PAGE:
I also don’t bombard my followers with newsletters every week. Sometimes readers get so overwhelmed by overflowing inboxes, just like I do. I generally send one monthly email, then when I have a new release coming out, I send 2-3 additional newsletters: one a week before with all the excitement of the upcoming release, another on release day, then another a week later with some fun reader reviews & comments from my FB page.

I majored in business and marketing in college, so I do a lot of research and make sure to use my marketing time wisely. When I started doing blog tours, I researched all sorts of reviewers, who their circle of readers were, what countries they were located in and oh so many more criteria. Then I analyzed all the data before pulling out my top round of reviewers, making sure I had a good balance of international market as well as in the USA and that there were as few cross-over followers as possible. The reviewers then reviewed on their blogs, Amazon and Goodreads, but I also cast a HUGE net for new readers to discover my books.

How do you find new readers?

I’ve found new readers come from a few sources.

  1. Word of mouth. Readers who enjoyed your book & shared it on social media or while they were chatting with friends is the absolute best referral of all!
  1. Marketing promotions. Putting my books on sale & coordinating that sale with various promotion services internationally is a great tool for new reader discovery. I only do sales on my books twice a year. And my latest book never goes on sale for at least 9 months to a year after the release date.
  1. Personal appearances. Attending conferences (readers cons, writing cons, disability cons, etc) and making personal connections is very effective. I’m naturally an introvert, so when I attend conferences, I pull out all my hidden extrovert powers and put them to good use. My hope is to always find some new friends who I click with and can develop a more personal friendship after the conference when I’m not so stressed out.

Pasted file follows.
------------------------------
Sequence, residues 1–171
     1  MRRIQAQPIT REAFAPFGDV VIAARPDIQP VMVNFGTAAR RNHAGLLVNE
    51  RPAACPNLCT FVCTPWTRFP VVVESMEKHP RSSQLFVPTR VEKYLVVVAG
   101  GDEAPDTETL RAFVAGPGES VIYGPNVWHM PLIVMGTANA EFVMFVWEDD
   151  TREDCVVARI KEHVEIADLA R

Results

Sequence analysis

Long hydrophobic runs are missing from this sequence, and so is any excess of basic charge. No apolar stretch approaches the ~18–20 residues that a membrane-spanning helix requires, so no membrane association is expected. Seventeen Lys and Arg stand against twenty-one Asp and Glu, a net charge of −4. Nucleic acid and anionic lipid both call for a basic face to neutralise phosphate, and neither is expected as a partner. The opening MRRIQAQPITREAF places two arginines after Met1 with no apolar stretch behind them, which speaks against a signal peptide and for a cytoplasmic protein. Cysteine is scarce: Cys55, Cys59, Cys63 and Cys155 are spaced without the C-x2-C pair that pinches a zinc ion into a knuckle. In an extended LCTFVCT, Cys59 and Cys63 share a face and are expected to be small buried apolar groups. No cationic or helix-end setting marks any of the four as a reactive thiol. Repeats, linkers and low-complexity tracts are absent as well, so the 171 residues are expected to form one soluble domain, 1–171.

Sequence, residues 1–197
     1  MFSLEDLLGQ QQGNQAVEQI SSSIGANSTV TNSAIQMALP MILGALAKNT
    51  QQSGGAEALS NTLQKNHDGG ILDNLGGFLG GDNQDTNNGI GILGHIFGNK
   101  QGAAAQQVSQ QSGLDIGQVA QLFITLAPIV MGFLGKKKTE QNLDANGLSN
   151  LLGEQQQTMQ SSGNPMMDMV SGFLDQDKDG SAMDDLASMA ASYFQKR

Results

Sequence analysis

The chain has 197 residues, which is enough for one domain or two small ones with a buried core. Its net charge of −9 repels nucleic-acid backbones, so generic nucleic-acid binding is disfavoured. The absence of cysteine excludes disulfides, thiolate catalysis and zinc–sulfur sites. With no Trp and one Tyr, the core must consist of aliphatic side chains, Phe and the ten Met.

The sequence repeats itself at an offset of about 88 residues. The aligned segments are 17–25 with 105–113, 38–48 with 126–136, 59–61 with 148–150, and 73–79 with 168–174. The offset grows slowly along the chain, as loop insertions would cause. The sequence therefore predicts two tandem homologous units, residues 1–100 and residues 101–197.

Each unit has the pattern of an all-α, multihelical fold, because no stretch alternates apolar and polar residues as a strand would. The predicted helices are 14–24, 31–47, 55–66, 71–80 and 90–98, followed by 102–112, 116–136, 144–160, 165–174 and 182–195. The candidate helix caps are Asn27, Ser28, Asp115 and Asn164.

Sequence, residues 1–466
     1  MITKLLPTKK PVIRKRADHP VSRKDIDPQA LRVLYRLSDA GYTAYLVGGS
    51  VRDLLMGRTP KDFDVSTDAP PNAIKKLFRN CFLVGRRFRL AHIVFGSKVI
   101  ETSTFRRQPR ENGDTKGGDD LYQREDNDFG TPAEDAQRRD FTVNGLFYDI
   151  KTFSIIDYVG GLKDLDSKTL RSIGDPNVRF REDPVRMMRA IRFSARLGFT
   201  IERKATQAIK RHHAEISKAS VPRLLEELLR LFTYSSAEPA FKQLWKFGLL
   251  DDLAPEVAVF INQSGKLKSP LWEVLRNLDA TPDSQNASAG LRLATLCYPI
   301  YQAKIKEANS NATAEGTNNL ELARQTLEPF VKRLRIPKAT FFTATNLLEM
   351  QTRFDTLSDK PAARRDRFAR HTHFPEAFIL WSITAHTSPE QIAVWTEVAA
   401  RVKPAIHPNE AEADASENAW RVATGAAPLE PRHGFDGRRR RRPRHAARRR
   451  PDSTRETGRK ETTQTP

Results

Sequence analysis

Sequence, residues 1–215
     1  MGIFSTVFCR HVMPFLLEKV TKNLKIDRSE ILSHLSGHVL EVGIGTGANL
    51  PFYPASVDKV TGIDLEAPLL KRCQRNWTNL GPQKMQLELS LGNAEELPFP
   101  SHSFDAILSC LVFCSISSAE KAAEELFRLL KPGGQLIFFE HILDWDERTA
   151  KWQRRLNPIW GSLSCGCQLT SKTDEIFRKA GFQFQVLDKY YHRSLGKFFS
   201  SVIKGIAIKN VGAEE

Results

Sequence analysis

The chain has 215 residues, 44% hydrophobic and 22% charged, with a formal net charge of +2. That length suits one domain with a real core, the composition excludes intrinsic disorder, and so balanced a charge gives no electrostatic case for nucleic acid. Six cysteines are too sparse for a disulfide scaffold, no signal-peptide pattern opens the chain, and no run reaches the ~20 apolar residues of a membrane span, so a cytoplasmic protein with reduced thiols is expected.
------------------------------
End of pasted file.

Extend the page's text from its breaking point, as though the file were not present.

What have been some keys to your success? What have been your biggest barriers?

The #1 key to my success is how supportive my hubby and family are. They ask me about my projects, help with household chores, and celebrate all the successes with me. Every writer needs a cheerleader – I have an entire team! Also included on that team are some BFF writer friends and readers who message and email me about their love for my books. Seriously, readers underestimate the power their messages & reviews have on authors. If you truly enjoy something someone created, please let them know!

My biggest barrier is time itself. I mentioned earlier that family always comes first. That means some years I have four books come out and others only one. It’s hard to not have a consistent publishing schedule my readers can count on, but thankfully they have been very understanding. =)


Upcoming Release:
Once Upon a Wish: A Destined for Love Romance – Europe series, coming May 30th, 2017
Indulgence Row Series:
Sweet Confections (Wonderstruck Books, 2014), RONE Awards 2015 Best Contemporary Sweet Romance
Love Under Construction (Wonderstruck Books, 2016)
Short Stories:
A Christmas of Hope (Wonderstruck Books, 2015)
(dis)Abilities and the Gospel (Cedar Fort, 2011), received the 2011 Bronze Quill Religious Book Award
Project Journals:
For the Love of Stitches (Wonderstruck Books, 2016)
For the Love of Sewing (Wonderstruck Books, 2016)
For the Love of Reading (Wonderstruck Books, 2016)

Visit Danyelle at